As for automatic transmissions, by observation, each major trans builder (person or company, local or otherwise) has their own orientations of what they feel works best in a particular situation. And THAT's what's in the books they write, understandably so. Nothing wrong with that. BUT that doesn't mean it'll work "as you desire", per se. So as with other advice, you need more than one source for best results. Still, the way some authors indicate how to do things, in the field, can be helpful and sometimes bypass certain measuring situations that might be necessary in a factory-assembly situation with unknown components, especially if you've never done this before.

    IF you might happen onto one of these older Race Manuals at a swap meet, get it! Then spend many hours in the recliner reading and deciphering what's in it, cover to cover. You'll learn a LOT about Chrysler powertrains and other aspects of the products.

    Then, for a break in the action, head over to MyMopar.com or the OnlineImperialClub website and go through the Chrysler Service Tech library, earliest to latest, 1950s to about 1976, for "factory training" filmstrips/videos.

    Then for a break from that . . . check out the multitude of Mopar-related product videos on YouTube. How a '64 Imperial was better than a similar Cadillac, for example. Or the "On The Test Track with the 1957 Chryslers" series of performance trials! Or the many other "sales training" videos for Chrysler Products archived in there. The links to other videos seem to be endless!! Best to have an unlimited Internet rate plan!

    While you're here, also look for the books on cylinder heads and intake manifolds by David Vizard. It might not be Chrylser-specific information, but the theories he mentions work the same on Chevy heads as for other brands of engines. LOTS of interesting information in there, too!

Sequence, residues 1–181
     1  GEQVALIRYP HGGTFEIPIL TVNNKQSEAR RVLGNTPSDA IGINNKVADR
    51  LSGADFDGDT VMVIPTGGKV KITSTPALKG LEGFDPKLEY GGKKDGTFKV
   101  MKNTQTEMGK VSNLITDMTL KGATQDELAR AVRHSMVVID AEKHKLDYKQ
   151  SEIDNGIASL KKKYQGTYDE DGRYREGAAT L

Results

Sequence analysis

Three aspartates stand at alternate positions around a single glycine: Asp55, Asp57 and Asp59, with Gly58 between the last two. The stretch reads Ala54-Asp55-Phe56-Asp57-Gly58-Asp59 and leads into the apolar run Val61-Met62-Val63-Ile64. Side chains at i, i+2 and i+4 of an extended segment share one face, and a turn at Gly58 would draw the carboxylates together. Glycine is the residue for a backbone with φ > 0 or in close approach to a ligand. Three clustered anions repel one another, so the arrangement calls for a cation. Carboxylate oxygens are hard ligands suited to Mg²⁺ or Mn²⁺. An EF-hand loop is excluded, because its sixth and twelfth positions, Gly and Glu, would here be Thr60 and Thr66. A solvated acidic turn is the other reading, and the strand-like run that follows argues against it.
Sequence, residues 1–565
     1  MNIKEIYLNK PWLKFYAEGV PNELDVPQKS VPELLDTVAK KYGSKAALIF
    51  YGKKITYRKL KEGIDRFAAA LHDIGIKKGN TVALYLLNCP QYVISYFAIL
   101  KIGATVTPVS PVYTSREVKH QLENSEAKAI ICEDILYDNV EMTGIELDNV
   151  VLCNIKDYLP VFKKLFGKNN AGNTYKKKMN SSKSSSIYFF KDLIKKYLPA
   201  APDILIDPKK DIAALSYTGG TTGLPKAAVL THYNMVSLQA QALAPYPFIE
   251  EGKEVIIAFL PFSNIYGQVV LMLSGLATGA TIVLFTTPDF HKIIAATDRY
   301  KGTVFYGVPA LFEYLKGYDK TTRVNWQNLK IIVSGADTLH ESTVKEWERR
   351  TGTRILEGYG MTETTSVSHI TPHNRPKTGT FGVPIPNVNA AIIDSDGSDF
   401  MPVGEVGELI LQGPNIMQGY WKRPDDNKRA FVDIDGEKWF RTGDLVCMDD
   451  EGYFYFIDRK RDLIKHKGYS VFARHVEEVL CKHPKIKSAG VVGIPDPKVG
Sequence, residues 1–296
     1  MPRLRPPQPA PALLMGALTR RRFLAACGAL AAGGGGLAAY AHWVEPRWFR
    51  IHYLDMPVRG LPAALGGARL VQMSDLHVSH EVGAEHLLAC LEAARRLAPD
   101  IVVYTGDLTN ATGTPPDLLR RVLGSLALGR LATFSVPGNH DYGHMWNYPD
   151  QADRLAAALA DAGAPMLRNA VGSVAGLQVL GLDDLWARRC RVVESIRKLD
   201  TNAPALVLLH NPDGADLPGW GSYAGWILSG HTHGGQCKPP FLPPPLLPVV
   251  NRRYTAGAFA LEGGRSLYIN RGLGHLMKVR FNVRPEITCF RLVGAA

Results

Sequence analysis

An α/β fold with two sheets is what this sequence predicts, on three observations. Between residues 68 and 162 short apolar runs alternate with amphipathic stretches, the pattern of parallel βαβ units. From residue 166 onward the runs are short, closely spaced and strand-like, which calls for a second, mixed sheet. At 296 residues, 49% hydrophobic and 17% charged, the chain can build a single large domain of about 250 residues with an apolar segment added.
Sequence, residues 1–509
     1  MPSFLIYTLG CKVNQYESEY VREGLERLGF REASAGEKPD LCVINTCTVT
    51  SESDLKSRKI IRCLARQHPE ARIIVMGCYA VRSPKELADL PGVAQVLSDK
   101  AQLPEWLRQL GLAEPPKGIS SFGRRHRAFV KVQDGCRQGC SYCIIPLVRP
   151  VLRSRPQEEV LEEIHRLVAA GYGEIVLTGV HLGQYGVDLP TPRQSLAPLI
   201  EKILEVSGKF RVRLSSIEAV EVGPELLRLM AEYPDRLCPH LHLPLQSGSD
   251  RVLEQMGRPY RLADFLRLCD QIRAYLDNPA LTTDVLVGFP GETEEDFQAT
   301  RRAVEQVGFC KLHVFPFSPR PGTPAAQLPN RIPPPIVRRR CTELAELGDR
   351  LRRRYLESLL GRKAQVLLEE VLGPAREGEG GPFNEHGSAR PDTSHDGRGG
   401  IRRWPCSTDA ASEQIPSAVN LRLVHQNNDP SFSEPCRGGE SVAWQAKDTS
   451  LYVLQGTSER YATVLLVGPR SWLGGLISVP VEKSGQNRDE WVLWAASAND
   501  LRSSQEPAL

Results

The winter season is fast approaching, so reading and watching can be good diversions and "keep you out of trouble", so to speak, as you also learn a lot about Mopar design, engineering, and heritage.

    ENJOY!!
    CBODY67
     
    Last edited: Oct 14, 2017
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  5. CBODY67

    CBODY67 Old Man with a Hat

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    ONE trick which a friend in our Mopar club discovered. A difference in '65 and '66 727s.

    In the middle 1960s, GM was the dominant manufacturer and most of the car companies were seeking to emulate their products in some manner. In these times, it was about smoothness and the beloved "boulevard ride". The THM400 was just out and operated smoothly in gear changes, "imperceptible" was the desire, and the THM400 pretty much hit it, while also being GM's equivalent of the Chrysler 727.

    So, as my friend discovered, the '65 727s had "flat steels" between the friction plates in the clutch pack. When he got a later 727 to rebuild for his '65 Belvedere (his desired model and year), he found "wavy steels" in the clutch pack. He'd observed the '66 and later 727s shifted a little softer than the earlier ones, so he determined this change was the reason. So all 727s he rebuild, he used the earlier "flat" steels". He took me for a test drive one night, in his car with one of the '65-spec steel plates in it. The shift was quick and firm, not harsh, but a little "nicer" as if it had somebody's shift kit in it. But it was not a big improvement, per se, as 727s usually shifted quick and firmer anyway, but IF you knew what you were feeling, you'd feel the difference. It made sense, too, that the wavy steels would soften the shift with no other changes. AND at very little production price/complexity increase at the factory level.

    Before the test drive that night, he just told me it was a trans he'd just rebuilt and he wanted me to see how it felt to me. I just figured he'd done a shift kit plus a normal rebuild. After I'd felt the shifts, I asked which shift kit he'd used as it felt very nice. That's when he told me the only "shift kit" was the "flat steels" rather than the later wavy steels. Pretty neat, I thought! No drilled separator plates, special this or that, just earlier spec parts.

    Enjoy!
    CBODY67
     
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  6. 70bigblockdodge

    70bigblockdodge Old Man with a Hat FCBO Gold Member